Even with vigorous resuscitative efforts, such as fluid replacement and drug therapy, the amount of tissue ischemia which results both during and after acute vascular collapse generally leads to tissue necrosis and eventual death. If a patient is not under direct observation in an acute care setting (which is unlikely for casualties during a combat situation or with accident victims), the signs of impending vascular collapse may be missed, with potentially tragic consequences. If significant blood loss can be detected prior to vascular collapse, resuscitative measures can be taken promptly, thereby reducing mortality in these patients.
 It is, therefore, an object of the invention to provide a means of measuring circulating blood volume to help detect patients at risk of hypovolemic shock.
 The invention described herein provides a system, method and apparatus for measuring circulating blood volume through transpupillary measurement of retinal vasculature. The invention is useful for determining whether trauma victims and casualties suffering from internal or external blood loss are at risk of vascular collapse, cardiogenic shock, anaphylactic shock, or septic shock.
 One aspect of this invention provides a system for assessing the blood volume of a patient. According to one embodiment of the invention, the system includes an imaging device for capturing images of the patient's retina as pixel data. The system may feature a processor in communication with the imaging device. According to one embodiment, the processor compares the pixel data to a database to determine if the patient is at risk of vascular collapse.
 The system in various embodiments has the following features. In one embodiment, the processor measures a vasculature characteristic from the pixel data. In another embodiment, the processor measures non-vascular tissue from the pixel data. In another embodiment, the vascular measurement comprises measurements of arterial vessel diameter. In another embodiment, the vascular measurement comprises measuring venous vessel diameter. In yet another embodiment, the vascular measurement comprises measurements of arterial and venous vessel diameters. After obtaining measurements of arterial and venous vessel diameters, in one embodiment, a ratio of venous diameter to arterial diameter is calculated from the pixel data, and the ratio is compared to the database to determine if the patient is at risk of vascular collapse.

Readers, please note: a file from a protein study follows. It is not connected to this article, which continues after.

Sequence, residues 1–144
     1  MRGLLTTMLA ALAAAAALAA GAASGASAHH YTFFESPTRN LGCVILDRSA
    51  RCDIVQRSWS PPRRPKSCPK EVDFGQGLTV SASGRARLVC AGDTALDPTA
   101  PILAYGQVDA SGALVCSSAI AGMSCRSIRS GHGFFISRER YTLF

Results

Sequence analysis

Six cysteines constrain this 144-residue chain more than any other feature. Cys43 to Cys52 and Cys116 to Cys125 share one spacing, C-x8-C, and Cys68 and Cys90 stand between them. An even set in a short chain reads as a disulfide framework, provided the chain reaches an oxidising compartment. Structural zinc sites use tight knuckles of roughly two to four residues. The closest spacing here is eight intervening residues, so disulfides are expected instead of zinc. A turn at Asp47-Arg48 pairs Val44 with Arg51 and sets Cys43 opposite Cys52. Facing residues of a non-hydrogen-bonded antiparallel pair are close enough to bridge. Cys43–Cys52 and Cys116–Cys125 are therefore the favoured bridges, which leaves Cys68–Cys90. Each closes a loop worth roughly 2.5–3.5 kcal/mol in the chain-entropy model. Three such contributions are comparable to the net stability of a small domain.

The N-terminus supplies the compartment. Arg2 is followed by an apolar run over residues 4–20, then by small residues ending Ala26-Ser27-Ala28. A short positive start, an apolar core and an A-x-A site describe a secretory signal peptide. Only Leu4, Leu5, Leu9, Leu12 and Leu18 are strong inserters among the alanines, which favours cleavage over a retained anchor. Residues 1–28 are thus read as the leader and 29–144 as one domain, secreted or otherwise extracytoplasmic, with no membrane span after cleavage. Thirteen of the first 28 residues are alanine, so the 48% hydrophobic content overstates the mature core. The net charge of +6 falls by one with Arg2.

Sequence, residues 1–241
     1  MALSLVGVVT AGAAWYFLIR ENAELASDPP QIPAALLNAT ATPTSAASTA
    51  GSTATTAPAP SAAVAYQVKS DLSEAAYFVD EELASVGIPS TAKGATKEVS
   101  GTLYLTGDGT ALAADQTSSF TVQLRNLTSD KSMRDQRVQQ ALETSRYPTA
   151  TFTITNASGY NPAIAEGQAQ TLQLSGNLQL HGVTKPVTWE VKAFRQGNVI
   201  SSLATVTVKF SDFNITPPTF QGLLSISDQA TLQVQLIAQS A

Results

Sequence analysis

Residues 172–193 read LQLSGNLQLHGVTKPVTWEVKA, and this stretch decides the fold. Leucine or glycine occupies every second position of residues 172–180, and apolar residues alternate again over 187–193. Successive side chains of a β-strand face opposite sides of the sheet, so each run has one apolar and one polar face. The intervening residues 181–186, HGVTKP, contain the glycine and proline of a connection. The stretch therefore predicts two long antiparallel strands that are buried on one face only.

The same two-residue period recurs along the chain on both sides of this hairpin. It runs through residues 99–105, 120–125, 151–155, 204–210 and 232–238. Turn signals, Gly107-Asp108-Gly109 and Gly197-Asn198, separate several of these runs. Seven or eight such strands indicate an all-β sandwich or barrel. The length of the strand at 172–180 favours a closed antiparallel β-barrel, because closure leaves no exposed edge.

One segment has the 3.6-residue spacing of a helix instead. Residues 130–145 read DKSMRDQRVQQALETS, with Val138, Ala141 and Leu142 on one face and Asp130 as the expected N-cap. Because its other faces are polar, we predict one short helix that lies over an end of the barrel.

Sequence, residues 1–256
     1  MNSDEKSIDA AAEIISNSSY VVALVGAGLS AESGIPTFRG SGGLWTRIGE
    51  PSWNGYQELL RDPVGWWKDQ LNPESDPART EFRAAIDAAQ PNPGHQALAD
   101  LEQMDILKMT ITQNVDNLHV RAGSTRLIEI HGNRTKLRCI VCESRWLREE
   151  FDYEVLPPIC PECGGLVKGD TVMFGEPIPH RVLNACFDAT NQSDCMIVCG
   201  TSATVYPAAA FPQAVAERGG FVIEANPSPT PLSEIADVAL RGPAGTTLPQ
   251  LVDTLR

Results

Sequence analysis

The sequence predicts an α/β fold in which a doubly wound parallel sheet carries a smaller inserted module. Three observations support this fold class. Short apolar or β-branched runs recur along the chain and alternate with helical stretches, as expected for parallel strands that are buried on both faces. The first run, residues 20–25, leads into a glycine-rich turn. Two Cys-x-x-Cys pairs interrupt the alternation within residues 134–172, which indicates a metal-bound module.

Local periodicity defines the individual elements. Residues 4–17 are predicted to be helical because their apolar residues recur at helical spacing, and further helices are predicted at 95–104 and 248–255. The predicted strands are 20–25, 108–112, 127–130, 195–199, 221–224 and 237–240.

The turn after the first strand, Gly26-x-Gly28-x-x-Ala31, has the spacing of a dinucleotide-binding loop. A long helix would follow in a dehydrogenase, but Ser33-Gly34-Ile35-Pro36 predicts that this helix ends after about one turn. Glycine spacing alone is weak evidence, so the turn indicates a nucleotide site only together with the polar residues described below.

In one embodiment, the imaging device captures images of the retina from a region around the patient's optical disk. In another embodiment, the pixel data is obtained from a user-defined area on the retina. In other embodiments, the user-defined area is toroidal or circular in shape.
 In another embodiment, the imaging device includes a CCD-based camera for capturing images of the patient's retina. Alternatively, images of the patient's retina are captured using a MOS based camera. In another embodiment, the imaging device includes a single element detector. In other embodiments according to the invention, the processor outputs an alert if the measurements are below or above a predetermined range of values. In other embodiments, the processor distinguishes between vascular and non-vascular tissues, or between arterial vessels, venous vessels, and non-vascular tissues. In yet another embodiment, the system includes an output device. In certain embodiments, the output device is selected from a laptop monitor, a desktop computer monitor, a television screen, a PDA, a printing device, and a pager.